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This Is An Uprising – Dividing To Conquer

July 26, 2018

(One in a series of posts on Mark & Paul Engler’s 2016 book, This Is An Uprising: How Nonviolent Revolt Is Shaping The Twenty-First Century.)

Whatever your cause of issue, most people don’t know about it, care about it, or support it. A central challenge for nonviolent practitioners is to change that dynamic—until most of the public says something like, “Well, I certainly don’t agree with what they’re doing, but I agree that this situation just isn’t right and something has to change.

There’s no better campaign to illustrate the importance of polarization and division in winning change than the example the Englers focus on in This Is An Uprising: the campaign led by ACT UP to change the treatment of HIV/AIDS.

For generations growing up in an age of marriage equality, Pride Month, and GSAs in thousands of middle and high schools, it can be hard to comprehend just how feared, hated, despised and isolated gay men in the United States were as recently as 1981, when the first case of AIDS was diagnosed and the “gay plague” started killing otherwise healthy young men by the thousands.

Formed in 1987, ACT UP spearheaded the successful campaign to change HIV/AIDS from a death sentence to a treatable and preventable disease. Here are just some of the tactics they used disrupt business as usual and gain public attention:

  • “shut down trading on the floor of the New York Stock Exchange”;
  • “chained themselves inside pharmaceutical corporations”;
  • “blockaded offices at the FDA”;
  • “stopped traffic on the Golden Gate Bridge”;
  • “interrupted Mass at St. Patrick’s Cathedral”;
  • “using fake IDS…they jumped onscreen during Dan Rather’s nightly (CBS) news broadcast”;
  • “draped a giant yellow condom over the Washington home of Senator Jesse Helms”. (pp. 201-02)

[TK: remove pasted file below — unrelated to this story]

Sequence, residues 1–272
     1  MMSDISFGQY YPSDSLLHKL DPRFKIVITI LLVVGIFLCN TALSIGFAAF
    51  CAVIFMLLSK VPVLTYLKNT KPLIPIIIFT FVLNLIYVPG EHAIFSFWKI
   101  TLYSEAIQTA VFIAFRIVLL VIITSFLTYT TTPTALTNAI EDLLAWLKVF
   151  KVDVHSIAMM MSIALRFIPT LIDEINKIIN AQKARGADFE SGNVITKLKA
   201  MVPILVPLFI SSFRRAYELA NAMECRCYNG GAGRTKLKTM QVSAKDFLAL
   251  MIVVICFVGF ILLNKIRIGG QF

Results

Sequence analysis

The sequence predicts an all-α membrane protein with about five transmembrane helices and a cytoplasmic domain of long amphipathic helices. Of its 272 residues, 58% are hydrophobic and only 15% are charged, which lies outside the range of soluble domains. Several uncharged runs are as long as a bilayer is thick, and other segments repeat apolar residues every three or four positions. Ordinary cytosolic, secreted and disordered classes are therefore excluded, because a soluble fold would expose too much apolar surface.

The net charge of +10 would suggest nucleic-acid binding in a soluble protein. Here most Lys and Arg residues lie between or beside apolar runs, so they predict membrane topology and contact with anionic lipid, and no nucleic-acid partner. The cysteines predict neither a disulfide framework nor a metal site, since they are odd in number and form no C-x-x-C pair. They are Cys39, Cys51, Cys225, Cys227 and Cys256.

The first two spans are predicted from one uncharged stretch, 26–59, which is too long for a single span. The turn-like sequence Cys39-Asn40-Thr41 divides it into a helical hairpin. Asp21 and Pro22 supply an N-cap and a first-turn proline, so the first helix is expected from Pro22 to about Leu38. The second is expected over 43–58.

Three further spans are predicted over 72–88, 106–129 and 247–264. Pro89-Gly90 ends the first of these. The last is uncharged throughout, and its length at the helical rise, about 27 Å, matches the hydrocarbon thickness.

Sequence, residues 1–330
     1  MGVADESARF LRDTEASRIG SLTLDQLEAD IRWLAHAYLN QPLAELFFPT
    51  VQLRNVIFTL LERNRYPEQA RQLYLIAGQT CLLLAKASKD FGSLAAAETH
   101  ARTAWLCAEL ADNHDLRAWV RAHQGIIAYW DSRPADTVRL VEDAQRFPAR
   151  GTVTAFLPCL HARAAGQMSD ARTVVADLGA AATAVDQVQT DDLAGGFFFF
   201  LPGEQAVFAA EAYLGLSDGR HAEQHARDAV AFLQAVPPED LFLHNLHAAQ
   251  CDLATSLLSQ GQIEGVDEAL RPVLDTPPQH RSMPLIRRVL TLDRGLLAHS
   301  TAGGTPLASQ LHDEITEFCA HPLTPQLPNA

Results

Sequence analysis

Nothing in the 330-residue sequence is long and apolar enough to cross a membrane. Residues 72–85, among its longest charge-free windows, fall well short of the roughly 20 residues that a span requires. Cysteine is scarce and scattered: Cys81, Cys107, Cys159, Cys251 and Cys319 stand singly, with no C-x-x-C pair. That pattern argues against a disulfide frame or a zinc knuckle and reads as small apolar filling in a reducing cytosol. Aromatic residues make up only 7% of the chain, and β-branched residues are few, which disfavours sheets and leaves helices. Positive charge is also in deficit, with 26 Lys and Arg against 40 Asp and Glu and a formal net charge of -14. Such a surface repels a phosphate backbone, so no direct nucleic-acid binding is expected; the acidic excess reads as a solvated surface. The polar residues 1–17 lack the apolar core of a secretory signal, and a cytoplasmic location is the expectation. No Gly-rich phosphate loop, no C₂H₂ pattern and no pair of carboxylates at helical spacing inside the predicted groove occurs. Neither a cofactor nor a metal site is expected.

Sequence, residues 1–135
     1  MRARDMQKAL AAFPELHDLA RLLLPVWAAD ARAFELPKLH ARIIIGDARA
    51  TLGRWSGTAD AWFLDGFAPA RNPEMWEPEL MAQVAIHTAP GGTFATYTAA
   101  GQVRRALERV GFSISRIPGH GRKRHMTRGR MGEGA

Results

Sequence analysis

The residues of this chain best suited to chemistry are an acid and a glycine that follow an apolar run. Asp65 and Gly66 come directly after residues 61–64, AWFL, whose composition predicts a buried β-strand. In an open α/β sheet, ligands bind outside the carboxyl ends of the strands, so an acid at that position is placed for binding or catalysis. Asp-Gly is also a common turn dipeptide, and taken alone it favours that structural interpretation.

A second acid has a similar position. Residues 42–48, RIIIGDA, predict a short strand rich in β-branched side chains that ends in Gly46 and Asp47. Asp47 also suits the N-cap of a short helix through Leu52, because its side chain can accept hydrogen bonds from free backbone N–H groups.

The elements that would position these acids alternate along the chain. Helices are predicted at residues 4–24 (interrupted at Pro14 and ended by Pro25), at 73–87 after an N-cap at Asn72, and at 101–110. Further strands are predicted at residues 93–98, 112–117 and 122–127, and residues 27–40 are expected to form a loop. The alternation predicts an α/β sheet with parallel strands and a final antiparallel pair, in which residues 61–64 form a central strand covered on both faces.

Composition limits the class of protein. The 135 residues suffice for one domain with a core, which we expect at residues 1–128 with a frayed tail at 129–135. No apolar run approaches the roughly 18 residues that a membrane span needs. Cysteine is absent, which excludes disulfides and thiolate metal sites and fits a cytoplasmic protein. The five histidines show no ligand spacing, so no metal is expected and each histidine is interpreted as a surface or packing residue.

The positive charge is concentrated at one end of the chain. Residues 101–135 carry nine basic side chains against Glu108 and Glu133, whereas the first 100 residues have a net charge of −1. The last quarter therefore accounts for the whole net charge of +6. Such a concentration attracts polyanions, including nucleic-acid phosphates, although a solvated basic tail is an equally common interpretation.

These tactics (and others like them) provoked short-term backlash but, as the Englers describe, they also produced long-term changes:

“ACT UP was only one factor that shifted the spectrum of opinion around AIDS. But over the decade when the group was most active, public attitudes underwent a profound transformation. Where stigma had previously prevailed, increased awareness about the disease led to much greater compassion for its victims. Joining the fight against AIDS became a popular celebrity cause, and ordinary people flocked to AIDS Walk benefits. Patients who were HIV-positive were included in government protections against discrimination. And, as author Randy Shaw writes, ‘Federal spending on AIDS rose from $234 million in 1986 to nearly $2 billion in 1992, a nearly tenfold increase in only six years.’ Eventually, such funding gained broad bipartisan support.” (p. 203)

There’s no manual or set of formulas that can tell you which tactics will create positive (or negative) polarization for your cause or issue. It’s always a judgment call. And, what works in one setting, or era, or culture, may not work for another.

It always requires being attentive to your closest followers, your allies, your opponents and, perhaps most especially, the vast majority of people who wish they didn’t have to think about it at all.

But no matter what you’re working for, at some point you’re going to have to figure out ways to polarize, to create division, to use tactics that (at times) bring out the worst in your opponents so that the majority who’d rather not have to, are forced to choose which side they’re on. And you’ll have to do it in such a way that most of them end up on your side…even though they still think you shouldn’t have been so confrontational.

Posts in this series:

From → Books, Music, Politics

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